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With little education and no job skills, Sidney survived the tough streets of New York City by washing dishes. One day, he answered a job ad for actors, figuring it couldn't be any harder than being a dishwasher or parking cars. Sidney showed up with his thick Bahamian accent and could hardly read. The director threw him out, telling him he'd never be more than a dishwasher. Sidney was shocked that the director not only knew he was not an actor, but that he even sized up what he actually did for a living. He called that assessment "a death sentence for my soul."

Looking back, Sidney says he never would have pursued acting if the director had not shown him the door. "I went back and I decided that I was going to become an actor to show him that he was wrong about me," he says.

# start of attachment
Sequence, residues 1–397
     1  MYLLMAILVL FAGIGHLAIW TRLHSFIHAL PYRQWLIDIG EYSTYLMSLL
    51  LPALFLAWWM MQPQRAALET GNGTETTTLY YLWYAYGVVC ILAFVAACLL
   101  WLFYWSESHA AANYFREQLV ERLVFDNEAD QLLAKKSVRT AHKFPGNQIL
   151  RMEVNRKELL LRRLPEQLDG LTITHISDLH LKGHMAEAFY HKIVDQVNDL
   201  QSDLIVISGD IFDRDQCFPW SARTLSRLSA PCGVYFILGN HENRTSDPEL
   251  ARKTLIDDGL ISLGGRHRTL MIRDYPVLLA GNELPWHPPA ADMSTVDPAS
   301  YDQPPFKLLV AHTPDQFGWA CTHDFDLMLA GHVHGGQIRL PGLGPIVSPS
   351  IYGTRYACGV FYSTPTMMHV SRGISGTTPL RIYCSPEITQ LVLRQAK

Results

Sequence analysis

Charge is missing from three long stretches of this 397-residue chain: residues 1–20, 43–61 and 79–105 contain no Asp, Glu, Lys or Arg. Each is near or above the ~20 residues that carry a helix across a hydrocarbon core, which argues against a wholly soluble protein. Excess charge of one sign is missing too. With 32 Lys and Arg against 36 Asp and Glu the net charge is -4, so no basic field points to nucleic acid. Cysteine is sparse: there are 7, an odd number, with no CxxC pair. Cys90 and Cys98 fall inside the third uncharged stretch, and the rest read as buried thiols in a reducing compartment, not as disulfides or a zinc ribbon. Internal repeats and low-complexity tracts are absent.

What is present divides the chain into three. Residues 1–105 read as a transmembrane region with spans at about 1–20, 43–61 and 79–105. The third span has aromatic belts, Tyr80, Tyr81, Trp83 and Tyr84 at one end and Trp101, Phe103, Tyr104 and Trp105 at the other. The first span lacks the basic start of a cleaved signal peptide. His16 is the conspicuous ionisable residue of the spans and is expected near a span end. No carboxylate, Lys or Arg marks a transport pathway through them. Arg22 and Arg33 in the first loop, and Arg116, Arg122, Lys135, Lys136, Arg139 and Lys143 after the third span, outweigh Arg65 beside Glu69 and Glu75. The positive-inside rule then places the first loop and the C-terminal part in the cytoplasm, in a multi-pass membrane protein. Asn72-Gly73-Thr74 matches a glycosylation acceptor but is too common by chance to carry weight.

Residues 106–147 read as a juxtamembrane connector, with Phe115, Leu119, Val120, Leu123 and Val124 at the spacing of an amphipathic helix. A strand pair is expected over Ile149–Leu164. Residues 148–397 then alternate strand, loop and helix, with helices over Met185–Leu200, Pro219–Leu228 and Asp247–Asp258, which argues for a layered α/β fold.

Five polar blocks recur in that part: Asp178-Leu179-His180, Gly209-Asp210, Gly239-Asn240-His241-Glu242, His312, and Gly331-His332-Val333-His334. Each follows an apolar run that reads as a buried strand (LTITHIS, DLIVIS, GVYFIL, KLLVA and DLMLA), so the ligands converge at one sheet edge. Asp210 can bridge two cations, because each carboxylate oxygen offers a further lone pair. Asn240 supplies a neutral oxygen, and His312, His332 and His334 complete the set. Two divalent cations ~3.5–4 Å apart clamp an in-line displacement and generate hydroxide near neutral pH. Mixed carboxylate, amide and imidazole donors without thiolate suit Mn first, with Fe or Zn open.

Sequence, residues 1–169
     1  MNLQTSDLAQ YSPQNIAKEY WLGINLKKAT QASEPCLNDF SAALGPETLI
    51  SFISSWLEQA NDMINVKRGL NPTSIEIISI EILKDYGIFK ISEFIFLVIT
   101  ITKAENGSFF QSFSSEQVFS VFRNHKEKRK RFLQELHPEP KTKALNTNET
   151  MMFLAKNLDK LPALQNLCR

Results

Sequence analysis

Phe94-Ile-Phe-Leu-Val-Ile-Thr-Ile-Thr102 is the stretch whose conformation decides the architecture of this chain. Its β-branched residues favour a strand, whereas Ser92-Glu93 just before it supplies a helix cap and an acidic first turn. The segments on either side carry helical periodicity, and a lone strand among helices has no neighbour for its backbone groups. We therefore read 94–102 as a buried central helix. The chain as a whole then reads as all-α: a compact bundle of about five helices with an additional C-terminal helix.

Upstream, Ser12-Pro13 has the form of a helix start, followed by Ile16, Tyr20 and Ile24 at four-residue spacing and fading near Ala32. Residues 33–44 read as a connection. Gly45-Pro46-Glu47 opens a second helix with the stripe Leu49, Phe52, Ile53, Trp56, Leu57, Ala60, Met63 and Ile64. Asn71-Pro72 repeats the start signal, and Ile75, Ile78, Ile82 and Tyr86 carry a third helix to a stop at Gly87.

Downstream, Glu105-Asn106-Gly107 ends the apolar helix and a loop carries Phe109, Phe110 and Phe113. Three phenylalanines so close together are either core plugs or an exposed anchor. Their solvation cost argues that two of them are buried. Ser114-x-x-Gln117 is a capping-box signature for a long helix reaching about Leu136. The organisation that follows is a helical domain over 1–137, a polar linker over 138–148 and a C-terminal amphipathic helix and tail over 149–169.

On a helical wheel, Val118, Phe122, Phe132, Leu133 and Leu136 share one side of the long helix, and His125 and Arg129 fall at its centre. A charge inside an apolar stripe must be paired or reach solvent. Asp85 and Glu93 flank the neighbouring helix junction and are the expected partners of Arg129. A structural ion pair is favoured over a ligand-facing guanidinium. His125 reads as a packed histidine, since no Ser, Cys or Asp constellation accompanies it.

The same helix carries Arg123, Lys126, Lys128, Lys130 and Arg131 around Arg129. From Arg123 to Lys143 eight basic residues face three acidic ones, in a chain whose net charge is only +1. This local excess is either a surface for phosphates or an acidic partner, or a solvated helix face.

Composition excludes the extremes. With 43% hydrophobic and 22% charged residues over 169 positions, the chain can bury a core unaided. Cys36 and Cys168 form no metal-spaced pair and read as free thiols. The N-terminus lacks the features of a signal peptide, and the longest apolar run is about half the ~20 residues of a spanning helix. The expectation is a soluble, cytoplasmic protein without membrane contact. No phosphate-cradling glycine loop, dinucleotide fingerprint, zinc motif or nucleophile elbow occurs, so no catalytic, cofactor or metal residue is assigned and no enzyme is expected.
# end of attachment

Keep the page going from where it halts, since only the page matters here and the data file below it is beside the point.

Sidney went home, deciding to tackle his thick accent first. At night, Sidney listened to the radio and picked out different voices to emulate. One radio host stood out—Norman Brokenshire. "It was distinctly American but with a very British flavor," Sidney says. "Every word he spoke, every sentence he made, I would repeat it. By the end of six months, I was ready for an audition."